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James Glanz writing in the NY Times  finds an excellent way to filter science through the eyes of humanity - by comparing scientific efforts that took generations to build and sustain the efforts. The problem is that the efforts required become so great that the humans are forced to abandon the projects. This tension between "big" and productive science is made all the more interesting because of Glanz's chosen examples - a Mayan pyramid in Belize and the Large Hadron Collider in Switzerland:
"On the hill in Belize, we were sweating from the climb and distracted by Albert, who was squinting with his one good eye and poking a stick into a tarantula’s hole to entertain a family from Oklahoma. But standing before the ruin, I had at least a hint of the thought that gripped me with full force last week: In Xunantunich and now again in Switzerland, the vast reaches of cosmic time and space have a way of humbling the puny efforts and resources of mortals who try to figure out the universe.
It may have been the local rum punches, but to me the similarities between the two projects were clear-cut. The collider is a gargantuan structure at the European Center for Nuclear Research, called CERN, that scientists have built over generations to help them connect the smallest and largest structures in the universe, and perhaps make sense of why the cosmos is so hospitable to life.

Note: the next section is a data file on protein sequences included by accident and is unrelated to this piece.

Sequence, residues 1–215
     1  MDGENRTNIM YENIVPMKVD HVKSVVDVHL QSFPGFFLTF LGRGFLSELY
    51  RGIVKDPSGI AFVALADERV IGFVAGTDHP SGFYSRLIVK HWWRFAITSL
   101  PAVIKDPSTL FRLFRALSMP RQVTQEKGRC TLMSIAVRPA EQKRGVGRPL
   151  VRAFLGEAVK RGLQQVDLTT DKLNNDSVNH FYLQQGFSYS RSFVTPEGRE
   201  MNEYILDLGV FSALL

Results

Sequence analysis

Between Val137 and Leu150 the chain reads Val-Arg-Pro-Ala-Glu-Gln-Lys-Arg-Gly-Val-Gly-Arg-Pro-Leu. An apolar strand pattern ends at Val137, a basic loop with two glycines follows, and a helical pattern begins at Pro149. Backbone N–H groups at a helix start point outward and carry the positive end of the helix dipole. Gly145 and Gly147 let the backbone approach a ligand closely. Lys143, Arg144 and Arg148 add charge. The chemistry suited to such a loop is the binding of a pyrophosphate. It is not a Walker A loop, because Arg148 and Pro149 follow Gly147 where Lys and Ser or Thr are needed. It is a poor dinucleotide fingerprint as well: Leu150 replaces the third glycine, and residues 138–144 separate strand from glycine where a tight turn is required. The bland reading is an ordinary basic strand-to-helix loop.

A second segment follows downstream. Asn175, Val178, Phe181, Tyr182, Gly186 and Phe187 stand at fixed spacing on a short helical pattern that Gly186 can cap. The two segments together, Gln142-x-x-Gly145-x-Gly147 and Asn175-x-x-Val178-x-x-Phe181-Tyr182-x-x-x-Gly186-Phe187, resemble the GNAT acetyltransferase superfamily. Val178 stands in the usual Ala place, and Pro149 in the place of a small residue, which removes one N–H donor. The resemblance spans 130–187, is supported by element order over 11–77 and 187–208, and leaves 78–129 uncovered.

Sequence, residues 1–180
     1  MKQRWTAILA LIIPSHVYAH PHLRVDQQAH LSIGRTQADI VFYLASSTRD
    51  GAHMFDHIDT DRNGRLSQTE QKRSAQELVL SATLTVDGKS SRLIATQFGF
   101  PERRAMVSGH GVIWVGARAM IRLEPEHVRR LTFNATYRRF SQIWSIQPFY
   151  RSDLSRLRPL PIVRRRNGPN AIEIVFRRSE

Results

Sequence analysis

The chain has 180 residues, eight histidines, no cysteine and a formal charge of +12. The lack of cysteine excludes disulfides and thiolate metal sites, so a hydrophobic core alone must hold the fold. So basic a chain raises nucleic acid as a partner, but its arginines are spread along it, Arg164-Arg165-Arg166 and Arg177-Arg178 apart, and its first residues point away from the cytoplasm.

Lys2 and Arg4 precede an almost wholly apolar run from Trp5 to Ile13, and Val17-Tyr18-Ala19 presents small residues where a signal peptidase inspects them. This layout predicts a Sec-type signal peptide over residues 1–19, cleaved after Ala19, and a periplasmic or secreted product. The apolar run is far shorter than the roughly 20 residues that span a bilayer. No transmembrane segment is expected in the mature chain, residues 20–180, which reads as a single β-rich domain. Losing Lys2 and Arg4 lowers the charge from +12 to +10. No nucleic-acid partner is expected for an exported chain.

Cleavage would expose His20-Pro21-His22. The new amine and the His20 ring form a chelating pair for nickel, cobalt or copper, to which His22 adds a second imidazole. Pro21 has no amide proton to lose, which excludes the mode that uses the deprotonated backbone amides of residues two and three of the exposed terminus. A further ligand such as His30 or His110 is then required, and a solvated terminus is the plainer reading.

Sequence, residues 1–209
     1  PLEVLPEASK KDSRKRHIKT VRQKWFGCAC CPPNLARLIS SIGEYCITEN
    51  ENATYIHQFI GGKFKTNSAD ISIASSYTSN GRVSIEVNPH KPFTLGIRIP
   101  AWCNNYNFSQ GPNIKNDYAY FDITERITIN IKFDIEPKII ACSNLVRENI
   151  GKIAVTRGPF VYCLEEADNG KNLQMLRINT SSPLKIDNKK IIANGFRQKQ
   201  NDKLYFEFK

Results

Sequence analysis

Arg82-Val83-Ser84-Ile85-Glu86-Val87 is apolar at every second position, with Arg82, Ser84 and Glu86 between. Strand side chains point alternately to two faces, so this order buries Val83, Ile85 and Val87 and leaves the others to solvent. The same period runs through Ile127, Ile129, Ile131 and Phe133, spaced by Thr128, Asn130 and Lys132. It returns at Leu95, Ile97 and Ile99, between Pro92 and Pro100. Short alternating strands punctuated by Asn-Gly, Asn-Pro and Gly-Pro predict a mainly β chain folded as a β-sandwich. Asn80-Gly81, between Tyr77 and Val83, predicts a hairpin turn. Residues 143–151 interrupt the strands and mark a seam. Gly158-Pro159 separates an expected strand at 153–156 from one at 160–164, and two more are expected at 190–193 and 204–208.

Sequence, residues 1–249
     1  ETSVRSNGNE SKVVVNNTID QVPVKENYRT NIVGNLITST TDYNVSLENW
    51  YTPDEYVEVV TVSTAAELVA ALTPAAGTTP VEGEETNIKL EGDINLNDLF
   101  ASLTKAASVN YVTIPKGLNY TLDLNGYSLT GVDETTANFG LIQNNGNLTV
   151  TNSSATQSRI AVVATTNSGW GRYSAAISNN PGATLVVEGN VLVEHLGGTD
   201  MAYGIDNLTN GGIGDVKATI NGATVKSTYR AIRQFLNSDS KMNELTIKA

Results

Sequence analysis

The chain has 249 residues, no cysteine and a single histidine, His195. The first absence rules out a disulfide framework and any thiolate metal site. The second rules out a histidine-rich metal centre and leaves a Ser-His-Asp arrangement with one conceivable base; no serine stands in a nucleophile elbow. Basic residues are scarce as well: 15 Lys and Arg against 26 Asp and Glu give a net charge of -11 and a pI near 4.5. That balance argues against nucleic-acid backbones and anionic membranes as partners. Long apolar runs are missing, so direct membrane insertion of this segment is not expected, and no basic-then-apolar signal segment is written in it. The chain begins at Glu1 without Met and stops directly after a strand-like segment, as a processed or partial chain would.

Sans particles, Xunantunich was designed to do more or less the same thing in the Central American hills. Instead of quarks and leptons, the friezes ringing the pyramid depict the gods of heaven, earth and the underworld, and humanity’s place among them. The stone structures themselves were laid out according to careful astronomical observations to help priests, rulers and common folk alike organize their lives and accurately mark the passing of time."
What is interesting to consider here is how worldviews, more so than overwhelming evidence, inspire humans to build on a massive scale in an attempt to answer, what they believe to be, the greatest questions of their time. Yet in failing to acquire the necessary evidence to sustain their worldview, the projects collapse from a lack of popular support in successive generations. We've already seen this public failure in America with the miles of unused tube in Texas. When Science ceases to inspire, she dies.
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